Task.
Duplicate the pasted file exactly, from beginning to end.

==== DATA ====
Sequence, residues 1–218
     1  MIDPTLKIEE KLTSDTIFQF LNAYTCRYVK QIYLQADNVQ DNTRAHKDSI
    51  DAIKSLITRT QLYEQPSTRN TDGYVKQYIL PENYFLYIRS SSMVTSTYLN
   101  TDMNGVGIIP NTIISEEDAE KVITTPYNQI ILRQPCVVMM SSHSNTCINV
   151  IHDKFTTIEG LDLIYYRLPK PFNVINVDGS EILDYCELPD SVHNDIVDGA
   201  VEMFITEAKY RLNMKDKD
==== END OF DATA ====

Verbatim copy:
Sequence, residues 1–218
     1  MIDPTLKIEE KLTSDTIFQF LNAYTCRYVK QIYLQADNVQ DNTRAHKDSI
    51  DAIKSLITRT QLYEQPSTRN TDGYVKQYIL PENYFLYIRS SSMVTSTYLN
   101  TDMNGVGIIP NTIISEEDAE KVITTPYNQI ILRQPCVVMM SSHSNTCINV
   151  IHDKFTTIEG LDLIYYRLPK PFNVINVDGS EILDYCELPD SVHNDIVDGA
   201  VEMFITEAKY RLNMKDKD